8

I don't think anyone sells something like that in one piece. There are, however, components on the market that should allow you to build that from scratch: A GoTek or HxC that behaves like a "real" floppy An old Floppy-to-USB adapter that was used to connect "real" floppies over USB. I don't think they're still made, so you would need to source one from ...


8

The laptop you describe is unlikely to be able to support USB ports, for hardware reasons. But there may be an alternative solution. The first USB standard (version 1.0) was published in 1996, but didn't really gain traction in the PC market until version 1.1 was released in 1998. The PCI bus standard had been published in 1992, and by the mid 1990s it was ...


8

The connections on the 34-pin ribbon cables are identical, but the size of the connectors are different. You can get ready made cables with both 5.25 and 3.5 connectors, for example http://www.cablesonline.com/36unflopdriv.html (and of course from Ebay also). These are likely to be more reliable than trying to wire a 5.25 connector onto a 3.5-sized cable by ...


8

No, or at least not without consideration. According to the sticker atop the PSU it delivers: 3.75 Ampere at +5 Volt, 0.1 Ampere at -5 Volt and 1.25 Ampere at +12 Volt A quick check of the BBC Model B (*2) reveals that +12 Volt are not used, while -5 Volt is only used with the cassette interface for reading So if you do not intend to read cassette tapes, ...


7

Your best option is probably to skip Windows entirely. A Linux livecd will be able to read your filesystem, and has the drivers to use your USB ports built-in. My personal preference would be for System Rescue CD - it requires a Pentium or newer, but other than that, should support almost any hardware.


7

One solution is to use a USB-to-Floppy interface adapter. One brand of these is Gotek. You can even mount it in a drive bay, perhaps in place of the original floppy drive. The computer will think it's reading a floppy disk when it's actually reading a floppy image file on a USB stick.


5

I found this: https://commons.wikimedia.org/wiki/File:Active_USB_to_PS2_Adatper_(keyboard%2Bmouse).jpg don't know where to get one though.


5

Erm. I think here are a few misunderstandings at work. Termcap is a descriptional database about terminal features (*1), not device configurations. In sense of Unix terminals aren't devices, but something connected to a device. In a more general sense, Unix-devices are (*2) interfaces that can be accessed using OS measures. It may be this basic mixup ...


4

Back in the days of Windows 9x, the USB drives needed a special driver from their manufacturers (usually on small ~200 MByte format CD). But not many manufacturers provided them, limiting usable USB drives. The USB drives usually work in USB 1.1 ports too without any problems (apart the speed). Some of the newer USB drives still work with Windows 9x (usually ...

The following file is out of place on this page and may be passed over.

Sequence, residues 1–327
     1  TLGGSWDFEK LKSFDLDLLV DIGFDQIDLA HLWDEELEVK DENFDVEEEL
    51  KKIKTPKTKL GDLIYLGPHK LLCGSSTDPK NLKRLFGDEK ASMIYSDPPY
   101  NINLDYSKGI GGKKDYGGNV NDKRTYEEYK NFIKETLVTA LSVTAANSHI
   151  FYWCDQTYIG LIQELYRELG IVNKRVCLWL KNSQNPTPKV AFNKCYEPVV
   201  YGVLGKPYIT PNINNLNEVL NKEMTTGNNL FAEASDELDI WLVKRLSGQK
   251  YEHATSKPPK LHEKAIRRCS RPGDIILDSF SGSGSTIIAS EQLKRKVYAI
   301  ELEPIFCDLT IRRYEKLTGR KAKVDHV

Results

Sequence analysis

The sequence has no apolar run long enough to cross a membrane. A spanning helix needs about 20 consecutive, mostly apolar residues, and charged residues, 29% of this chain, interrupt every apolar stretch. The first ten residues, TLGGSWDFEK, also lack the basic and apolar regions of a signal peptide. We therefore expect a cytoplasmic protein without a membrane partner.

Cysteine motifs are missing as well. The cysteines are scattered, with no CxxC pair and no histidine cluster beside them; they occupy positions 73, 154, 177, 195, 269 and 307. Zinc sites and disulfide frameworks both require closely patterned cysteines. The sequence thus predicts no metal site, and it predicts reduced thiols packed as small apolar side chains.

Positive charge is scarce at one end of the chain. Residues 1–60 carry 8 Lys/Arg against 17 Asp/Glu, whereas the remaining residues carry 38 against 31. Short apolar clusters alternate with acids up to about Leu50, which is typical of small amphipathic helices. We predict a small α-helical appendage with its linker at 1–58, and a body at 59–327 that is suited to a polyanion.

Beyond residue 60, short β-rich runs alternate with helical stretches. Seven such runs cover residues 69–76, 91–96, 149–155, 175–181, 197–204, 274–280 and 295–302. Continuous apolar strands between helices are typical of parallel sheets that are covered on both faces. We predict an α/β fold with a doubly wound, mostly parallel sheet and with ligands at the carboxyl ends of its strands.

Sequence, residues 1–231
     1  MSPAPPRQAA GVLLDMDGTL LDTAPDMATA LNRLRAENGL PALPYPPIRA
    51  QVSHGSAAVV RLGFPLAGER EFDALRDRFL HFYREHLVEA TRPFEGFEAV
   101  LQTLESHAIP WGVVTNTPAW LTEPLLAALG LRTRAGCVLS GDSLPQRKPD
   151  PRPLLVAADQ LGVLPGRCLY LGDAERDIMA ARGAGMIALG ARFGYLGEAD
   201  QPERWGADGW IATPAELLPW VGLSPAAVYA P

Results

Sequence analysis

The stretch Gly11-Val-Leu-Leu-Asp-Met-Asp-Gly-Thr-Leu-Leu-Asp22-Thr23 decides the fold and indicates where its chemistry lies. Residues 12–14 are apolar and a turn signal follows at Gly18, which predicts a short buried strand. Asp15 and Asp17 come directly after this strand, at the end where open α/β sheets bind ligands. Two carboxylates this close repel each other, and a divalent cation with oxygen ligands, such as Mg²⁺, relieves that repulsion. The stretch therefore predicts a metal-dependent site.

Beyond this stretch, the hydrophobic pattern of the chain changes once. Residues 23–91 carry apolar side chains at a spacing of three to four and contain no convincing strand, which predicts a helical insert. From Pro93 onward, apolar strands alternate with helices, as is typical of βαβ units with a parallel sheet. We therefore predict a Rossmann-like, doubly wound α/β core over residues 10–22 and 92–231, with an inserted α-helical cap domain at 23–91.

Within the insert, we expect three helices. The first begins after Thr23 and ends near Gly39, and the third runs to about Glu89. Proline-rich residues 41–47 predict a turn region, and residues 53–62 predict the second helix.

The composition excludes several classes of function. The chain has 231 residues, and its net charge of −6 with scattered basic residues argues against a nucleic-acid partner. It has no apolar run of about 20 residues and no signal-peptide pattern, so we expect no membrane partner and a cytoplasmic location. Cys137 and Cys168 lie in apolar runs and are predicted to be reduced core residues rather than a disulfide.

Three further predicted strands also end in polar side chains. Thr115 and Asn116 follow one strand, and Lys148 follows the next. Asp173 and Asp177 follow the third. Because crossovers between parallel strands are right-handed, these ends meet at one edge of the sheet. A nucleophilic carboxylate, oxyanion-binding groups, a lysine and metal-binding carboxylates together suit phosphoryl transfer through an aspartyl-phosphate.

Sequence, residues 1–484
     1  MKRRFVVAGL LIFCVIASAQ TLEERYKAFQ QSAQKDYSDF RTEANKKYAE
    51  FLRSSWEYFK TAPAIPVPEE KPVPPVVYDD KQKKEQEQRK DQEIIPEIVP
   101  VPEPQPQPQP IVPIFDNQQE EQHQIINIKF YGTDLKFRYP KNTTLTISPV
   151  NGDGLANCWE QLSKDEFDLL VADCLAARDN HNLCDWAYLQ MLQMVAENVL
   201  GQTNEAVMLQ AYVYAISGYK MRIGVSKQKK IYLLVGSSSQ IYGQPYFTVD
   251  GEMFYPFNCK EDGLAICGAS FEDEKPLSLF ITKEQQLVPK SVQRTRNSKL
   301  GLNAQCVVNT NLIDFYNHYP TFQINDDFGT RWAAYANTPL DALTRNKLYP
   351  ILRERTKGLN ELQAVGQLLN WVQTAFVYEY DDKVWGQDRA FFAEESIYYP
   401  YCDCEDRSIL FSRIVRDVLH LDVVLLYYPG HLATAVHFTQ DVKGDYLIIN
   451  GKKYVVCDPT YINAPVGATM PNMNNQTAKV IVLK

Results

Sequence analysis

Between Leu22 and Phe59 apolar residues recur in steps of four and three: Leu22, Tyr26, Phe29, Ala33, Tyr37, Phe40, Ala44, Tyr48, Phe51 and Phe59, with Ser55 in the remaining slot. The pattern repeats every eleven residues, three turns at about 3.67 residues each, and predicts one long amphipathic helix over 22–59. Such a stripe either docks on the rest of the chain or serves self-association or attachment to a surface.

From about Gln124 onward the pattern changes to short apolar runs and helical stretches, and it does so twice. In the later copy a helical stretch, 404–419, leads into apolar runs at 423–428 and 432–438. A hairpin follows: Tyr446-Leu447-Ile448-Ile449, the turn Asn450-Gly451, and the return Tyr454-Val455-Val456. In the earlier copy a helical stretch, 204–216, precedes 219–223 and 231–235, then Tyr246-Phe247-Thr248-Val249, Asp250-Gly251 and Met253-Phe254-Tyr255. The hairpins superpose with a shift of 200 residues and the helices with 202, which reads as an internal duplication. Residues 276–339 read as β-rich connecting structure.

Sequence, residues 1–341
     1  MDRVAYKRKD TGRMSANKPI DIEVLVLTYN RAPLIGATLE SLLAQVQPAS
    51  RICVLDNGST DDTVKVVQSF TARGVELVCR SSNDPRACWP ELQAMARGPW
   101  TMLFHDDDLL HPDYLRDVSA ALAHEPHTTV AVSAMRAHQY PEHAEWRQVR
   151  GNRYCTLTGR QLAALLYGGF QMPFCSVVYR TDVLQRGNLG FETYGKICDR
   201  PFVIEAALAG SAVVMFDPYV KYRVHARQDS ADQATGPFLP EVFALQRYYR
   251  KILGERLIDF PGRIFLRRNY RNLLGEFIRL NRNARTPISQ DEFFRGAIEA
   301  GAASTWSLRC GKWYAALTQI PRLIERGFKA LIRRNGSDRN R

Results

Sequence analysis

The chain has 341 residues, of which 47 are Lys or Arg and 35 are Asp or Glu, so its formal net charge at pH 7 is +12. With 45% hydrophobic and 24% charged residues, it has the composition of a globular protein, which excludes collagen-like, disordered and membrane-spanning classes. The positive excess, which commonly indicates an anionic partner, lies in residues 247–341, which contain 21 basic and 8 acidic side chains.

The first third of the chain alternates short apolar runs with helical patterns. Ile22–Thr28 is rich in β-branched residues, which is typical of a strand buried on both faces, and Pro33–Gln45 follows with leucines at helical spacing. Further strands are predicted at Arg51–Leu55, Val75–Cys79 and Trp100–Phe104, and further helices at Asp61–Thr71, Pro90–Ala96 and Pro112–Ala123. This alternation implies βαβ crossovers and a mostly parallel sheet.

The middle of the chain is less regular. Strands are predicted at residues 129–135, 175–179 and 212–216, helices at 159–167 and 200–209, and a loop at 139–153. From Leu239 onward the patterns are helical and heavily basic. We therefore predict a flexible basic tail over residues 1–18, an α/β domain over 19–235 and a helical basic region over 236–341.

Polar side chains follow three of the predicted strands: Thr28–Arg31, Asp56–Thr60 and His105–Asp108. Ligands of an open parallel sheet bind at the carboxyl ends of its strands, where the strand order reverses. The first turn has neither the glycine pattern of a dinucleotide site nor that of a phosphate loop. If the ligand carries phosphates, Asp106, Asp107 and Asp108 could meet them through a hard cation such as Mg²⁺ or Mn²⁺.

4

This is not the elegant solution you are requesting, but it will solve the problem: Buy a Tripp-Lite B042 series KVM switch. Specifications: https://assets.tripplite.com/product-pdfs/en/b042008.pdf This has two USB inputs for a keyboard and mouse, and outputs to USB or PS/2. There is an adapter that connects to the USB output connector to make it work as ...


4

Most (though not quite all) Android devices support operating the USB port as a USB host, either triggered by the usual OTG role pin on an adapter cable or by vendor-unique software setting. There can be various complex interactions with charging and ability to supply power to a peripheral, but for a low consumption device like a USB serial converter it ...


4

This will work with the USB floppy drive you have mentioned, a Chuanganzhuo one, using Windows 10. You have to use a proper Double Density floppy disk, not a High Density one. I tried it with a High Density floppy disk and it gave me Parameters not supported by drive. C:\Users\J>format a: /T:80 /N:9 Insert new disk for drive A: and press ENTER when ...


4

You can install XP in IDE mode and install the AHCI drivers afterwards, I did this on my netbook several times. I think it goes something like: Set disk controller to IDE mode in bios, and install XP. In device manager go to the disk controller and manually change the driver to the AHCI one. Reboot into bios and change disk controller to AHCI mode. Save and ...


4

I'd suggest moving the jumper from S0 to S1 - IBM compatibles expect drives to respond as Unit 1, not Unit 0.


3

The emulator that you want does exist. You are looking for an emulator that emulates a USB Floppy Drive. So the emulator connects to the computer via a USB cable, and the storage media is a USB Flash Drive. Do a Google search on "UFA1M44-100" and you will find one model of emulator that emulates a USB Floppy Drive. You can find another company that sells ...